John Marshall
Senior Vice President

We have all heard about donors making million-dollar-plus gifts and the impact such generosity had on the recipient charity. Americans are clearly the most generous people on the face of the earth with million dollar gifts occurring annually in the thousands.

Like most fundraisers, I think about what truly motivates a person to give that much away and what I can do to secure such a gift for my clients. There is no doubt a worthy organization with a particularly compelling need can be successful in attracting seven-figure gifts. But, I have found over the years, that what is almost as important is taking the time to get to know your donors and paying particular attention to “the little things.”

I’ll never forget a meeting I had very early in my career with Dr. John Hanna, former president with Michigan State University and one of the most beloved figures in the history of that school. After about a 10-minute conversation he concluded our time together by giving me some sage advice: “John, whatever you do while you are here at MSU, don’t ever forget that people always come first. If you pay attention to them and show you care every bit as much about them as you do their philanthropy, well, truly wonderful things can happen.” It was a lesson I have carried with me ever since.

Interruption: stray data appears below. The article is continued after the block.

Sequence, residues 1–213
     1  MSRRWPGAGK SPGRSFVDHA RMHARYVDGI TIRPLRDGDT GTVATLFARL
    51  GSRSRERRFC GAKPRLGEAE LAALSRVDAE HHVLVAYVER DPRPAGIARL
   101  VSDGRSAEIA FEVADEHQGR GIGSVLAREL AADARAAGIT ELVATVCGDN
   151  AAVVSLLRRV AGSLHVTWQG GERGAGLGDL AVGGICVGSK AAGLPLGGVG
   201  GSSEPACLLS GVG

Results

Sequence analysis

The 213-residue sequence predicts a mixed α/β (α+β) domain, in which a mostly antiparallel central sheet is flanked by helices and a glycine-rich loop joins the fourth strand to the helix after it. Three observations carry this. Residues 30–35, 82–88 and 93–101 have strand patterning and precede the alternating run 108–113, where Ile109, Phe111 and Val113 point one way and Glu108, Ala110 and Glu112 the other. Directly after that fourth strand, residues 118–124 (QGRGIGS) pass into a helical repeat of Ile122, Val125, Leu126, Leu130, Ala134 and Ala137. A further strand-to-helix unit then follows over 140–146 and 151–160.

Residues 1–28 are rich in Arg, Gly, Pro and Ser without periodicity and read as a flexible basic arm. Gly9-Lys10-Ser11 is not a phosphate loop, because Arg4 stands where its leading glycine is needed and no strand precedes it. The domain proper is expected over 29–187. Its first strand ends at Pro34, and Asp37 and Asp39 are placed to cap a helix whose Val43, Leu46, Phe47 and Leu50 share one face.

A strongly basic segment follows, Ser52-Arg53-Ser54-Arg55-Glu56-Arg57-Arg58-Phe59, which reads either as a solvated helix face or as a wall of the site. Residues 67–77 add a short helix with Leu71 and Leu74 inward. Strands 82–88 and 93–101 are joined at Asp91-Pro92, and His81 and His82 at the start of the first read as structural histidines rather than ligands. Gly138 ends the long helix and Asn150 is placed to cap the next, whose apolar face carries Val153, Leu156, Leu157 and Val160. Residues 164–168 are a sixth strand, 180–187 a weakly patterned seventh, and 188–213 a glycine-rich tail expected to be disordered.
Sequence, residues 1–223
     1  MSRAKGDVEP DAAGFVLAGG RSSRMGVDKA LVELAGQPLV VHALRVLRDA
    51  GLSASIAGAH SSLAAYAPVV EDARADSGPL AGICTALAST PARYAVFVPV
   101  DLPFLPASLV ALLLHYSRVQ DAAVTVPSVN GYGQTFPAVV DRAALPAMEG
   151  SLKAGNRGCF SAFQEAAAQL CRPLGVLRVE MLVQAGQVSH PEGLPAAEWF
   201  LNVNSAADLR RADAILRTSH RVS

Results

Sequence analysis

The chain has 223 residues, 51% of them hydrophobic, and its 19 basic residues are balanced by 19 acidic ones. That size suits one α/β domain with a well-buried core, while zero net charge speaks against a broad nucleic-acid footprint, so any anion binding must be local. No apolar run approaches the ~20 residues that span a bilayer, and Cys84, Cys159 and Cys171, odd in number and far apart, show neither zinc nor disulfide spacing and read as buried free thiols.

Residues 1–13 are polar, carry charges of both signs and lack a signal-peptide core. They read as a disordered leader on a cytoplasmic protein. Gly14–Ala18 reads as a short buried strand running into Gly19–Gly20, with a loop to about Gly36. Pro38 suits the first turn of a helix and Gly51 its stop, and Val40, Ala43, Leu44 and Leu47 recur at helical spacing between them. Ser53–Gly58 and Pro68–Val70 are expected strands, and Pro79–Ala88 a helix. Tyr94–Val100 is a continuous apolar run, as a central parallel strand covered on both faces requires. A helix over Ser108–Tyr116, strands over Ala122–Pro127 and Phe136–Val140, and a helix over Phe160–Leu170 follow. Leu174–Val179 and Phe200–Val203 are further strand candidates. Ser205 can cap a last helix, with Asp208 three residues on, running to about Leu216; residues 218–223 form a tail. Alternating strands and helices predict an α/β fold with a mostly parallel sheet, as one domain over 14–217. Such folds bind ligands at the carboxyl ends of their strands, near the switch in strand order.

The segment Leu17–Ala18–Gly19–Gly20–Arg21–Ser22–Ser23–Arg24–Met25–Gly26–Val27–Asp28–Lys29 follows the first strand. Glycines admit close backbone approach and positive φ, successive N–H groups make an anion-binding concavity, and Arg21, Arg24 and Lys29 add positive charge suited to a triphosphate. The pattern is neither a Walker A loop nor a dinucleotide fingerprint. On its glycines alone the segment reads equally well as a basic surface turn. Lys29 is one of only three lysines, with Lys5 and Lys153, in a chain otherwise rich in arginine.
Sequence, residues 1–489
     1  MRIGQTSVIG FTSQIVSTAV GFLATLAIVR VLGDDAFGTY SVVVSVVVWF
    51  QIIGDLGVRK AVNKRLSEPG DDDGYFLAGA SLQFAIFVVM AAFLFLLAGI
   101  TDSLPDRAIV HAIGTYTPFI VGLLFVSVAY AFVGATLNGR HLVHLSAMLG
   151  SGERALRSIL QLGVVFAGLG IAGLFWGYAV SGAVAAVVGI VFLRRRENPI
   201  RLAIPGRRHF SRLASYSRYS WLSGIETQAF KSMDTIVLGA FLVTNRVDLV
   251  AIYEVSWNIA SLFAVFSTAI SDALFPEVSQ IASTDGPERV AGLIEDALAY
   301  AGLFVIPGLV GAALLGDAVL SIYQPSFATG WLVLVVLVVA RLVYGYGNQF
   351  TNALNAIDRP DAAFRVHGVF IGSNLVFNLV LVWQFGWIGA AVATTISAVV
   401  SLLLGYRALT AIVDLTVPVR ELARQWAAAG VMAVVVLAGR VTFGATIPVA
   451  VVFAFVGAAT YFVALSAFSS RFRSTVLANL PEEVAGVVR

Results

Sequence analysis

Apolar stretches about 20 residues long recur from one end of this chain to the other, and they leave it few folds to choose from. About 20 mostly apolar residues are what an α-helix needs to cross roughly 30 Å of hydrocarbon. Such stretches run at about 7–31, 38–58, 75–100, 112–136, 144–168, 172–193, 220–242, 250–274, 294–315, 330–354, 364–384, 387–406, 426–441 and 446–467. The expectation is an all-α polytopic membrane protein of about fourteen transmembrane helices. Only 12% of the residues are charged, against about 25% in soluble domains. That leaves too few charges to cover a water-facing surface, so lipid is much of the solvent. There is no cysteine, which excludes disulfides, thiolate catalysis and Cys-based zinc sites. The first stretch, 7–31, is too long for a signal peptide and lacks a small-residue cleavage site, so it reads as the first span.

Some time ago, I was reminded of what Dr. Hanna had said while I was working with The Salvation Army in New York City, one of the Army’s largest divisions in the world.

In early December, The Salvation Army’s Greater New York Division holds its Annual Christmas Luncheon. The luncheon attracts a crowd of approximately 1,600 and serves as the official “kick-off” to the Army’s Christmas Campaign in New York City. It also is an event where individuals are publicly recognized for their extraordinary support to The Salvation Army. Since 1948, luminaries such as General Dwight D. Eisenhower, Catherine Marshall, Dr. Billy Graham, Helen Hayes, Bob Hope, Nancy Reagan, Rudolph Giuliani, Yogi Berra and many others have received the Army’s prestigious Pinnacle of Achievement Award.